Our research leads to four main takeaways. First, the timing of communicating information to service providers must be carefully considered. In particular, while we all aim to minimise and eliminate bias, if it does exist they may be better off if the bias occurs earlier in the process (at the ride request stage) rather than later (post-acceptance). This is because cancelled riders also incur costs related to waiting before the cancellation occurs, and the inconvenience of re-requesting a ride. Rider characteristics either need to be fully hidden until the last possible moment for rider and driver to be safely connected, or fully visible from the ride request stage.
Second, while platforms are trying to make changes that remove bias from the system, they have not achieved a completely successful outcome yet. It is possible that a data-driven solution exists wherein rider characteristics are captured when a driver cancels and is penalised by the platform for biased behaviour. One possible way to punish drivers is to move them down the priority list when they exhibit biased cancellation behaviour so they have fewer ride requests.
Third, the economic incentive delivered via dynamic pricing is an important social benefit that has not previously been included in the estimates of ride-sharing platforms’ benefits generally and dynamic pricing in particular. To further these benefits, it may be necessary for ride-sharing platforms to adopt a dynamic fee structure that incentivises drivers to accept rides from social groups or in specific areas of cities that are traditionally underserved.
Finally, despite public opinion polls indicating that support for the LGBT community is strong, there are still negative associations that can impact supporters.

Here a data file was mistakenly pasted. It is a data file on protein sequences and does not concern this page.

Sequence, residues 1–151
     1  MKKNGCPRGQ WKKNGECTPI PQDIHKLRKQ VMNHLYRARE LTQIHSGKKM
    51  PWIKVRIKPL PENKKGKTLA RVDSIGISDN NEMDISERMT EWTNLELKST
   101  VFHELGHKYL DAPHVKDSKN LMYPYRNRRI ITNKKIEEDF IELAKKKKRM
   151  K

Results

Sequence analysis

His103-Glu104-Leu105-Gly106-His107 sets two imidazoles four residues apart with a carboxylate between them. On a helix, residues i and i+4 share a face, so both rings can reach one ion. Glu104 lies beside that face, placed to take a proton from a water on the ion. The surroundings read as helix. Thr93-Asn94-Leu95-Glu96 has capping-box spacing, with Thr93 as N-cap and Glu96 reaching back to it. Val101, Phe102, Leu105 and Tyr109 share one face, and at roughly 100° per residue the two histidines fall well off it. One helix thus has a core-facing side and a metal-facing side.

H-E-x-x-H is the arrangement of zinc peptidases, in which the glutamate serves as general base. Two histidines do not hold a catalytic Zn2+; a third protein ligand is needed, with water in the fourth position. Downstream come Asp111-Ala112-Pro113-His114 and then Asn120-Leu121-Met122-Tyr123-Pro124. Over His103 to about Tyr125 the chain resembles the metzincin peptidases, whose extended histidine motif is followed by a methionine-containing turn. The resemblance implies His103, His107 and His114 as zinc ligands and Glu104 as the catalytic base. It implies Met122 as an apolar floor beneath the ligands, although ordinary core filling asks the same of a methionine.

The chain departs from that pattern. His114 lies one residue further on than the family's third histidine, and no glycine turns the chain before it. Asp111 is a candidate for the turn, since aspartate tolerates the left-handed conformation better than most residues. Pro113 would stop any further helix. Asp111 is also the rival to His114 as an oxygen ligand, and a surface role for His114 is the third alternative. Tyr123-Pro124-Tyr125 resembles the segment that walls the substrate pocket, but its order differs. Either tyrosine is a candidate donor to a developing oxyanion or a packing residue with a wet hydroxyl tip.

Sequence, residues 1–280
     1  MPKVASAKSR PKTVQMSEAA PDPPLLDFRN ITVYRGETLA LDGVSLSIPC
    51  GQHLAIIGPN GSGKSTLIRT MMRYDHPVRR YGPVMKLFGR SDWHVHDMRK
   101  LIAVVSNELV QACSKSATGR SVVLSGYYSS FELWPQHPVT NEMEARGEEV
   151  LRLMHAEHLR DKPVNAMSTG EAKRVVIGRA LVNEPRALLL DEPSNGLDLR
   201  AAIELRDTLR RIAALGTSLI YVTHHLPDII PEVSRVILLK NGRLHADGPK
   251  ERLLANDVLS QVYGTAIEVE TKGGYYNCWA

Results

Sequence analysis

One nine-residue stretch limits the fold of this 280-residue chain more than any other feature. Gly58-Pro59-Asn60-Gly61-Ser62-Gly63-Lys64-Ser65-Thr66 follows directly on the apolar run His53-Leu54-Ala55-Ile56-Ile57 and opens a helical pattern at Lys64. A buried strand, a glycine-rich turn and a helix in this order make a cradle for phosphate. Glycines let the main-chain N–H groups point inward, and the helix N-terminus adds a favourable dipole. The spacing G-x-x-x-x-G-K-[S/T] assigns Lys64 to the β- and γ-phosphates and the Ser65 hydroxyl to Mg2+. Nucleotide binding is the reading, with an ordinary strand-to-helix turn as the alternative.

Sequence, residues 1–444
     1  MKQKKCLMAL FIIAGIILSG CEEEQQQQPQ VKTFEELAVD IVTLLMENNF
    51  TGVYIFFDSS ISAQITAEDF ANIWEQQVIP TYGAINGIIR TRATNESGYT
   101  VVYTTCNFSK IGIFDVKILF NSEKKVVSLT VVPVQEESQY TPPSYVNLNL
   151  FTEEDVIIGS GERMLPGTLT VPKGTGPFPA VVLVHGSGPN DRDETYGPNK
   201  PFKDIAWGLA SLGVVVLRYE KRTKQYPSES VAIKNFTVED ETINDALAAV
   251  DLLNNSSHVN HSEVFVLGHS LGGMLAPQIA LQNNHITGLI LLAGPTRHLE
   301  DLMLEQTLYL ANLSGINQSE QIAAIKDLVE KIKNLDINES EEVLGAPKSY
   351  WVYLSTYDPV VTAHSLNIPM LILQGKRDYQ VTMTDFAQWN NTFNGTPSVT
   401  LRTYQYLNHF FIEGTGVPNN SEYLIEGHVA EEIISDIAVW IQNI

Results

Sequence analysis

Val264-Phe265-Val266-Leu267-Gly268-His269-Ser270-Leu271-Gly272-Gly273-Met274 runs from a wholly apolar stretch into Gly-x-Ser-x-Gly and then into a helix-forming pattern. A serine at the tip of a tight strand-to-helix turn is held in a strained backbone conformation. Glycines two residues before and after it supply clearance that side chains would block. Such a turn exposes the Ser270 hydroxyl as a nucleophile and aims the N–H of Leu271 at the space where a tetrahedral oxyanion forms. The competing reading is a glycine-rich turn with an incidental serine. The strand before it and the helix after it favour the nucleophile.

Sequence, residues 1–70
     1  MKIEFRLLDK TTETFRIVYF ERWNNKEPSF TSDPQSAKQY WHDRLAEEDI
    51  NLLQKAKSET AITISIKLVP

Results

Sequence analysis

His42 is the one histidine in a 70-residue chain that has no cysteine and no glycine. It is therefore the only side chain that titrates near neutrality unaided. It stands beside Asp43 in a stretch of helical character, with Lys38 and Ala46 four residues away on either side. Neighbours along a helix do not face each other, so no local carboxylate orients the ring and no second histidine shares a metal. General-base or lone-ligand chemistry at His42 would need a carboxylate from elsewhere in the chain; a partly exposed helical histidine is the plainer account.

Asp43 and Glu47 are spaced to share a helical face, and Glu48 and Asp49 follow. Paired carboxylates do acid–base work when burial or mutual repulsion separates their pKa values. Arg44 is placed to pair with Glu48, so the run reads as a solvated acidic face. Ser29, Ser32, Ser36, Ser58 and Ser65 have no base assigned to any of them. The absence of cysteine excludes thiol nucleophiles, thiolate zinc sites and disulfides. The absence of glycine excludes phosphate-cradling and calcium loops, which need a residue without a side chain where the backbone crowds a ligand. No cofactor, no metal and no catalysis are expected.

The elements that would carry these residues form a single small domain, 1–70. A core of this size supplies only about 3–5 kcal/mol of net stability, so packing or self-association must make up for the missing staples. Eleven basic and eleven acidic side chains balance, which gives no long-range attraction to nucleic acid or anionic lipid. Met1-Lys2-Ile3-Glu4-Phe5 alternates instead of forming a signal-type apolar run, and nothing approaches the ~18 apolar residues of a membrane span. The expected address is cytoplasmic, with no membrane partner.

Our results also raises some important questions. We document bias against LGBT supporters, which begs the question of whether/what other biases exist? Do signals of religious, political, or cultural affiliations result in drivers’ biased behaviour? We regrettably expect that it will, but it is important to quantify the manner in which this bias may influence the quality of the service.
Additionally, if a ridesharing company has drivers who consistently favour a certain demographic, to what extent is the platform complicit and potentially legally responsible for the biased behaviour? If society’s intent is to reduce discrimination, it may be necessary to increase firms’ cost of discrimination. One would expect that, like the drivers with whom they contract, firms would respond to increased costs with better policies and monitoring of biased behaviour.
- This blog post is based on the authors’ paper When Transparency Fails: Bias and Financial Incentives in Ridesharing Platforms, 2018
- The post gives the views of its author, not the position of LSE Business Review or the London School of Economics.
- Featured image credit: Photo by iphonedigital, under a CC-BY-SA-2.0 licence
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Jorge Mejia is an assistant professor at Indiana University’s Kelley School of Business, department of operations & decision technologies. (email@example.com)
Chris Parker is an assistant professor of supply chain management at Pennsylvania State University’s Smeal College of Business, department of supply chain & information systems. (firstname.lastname@example.org)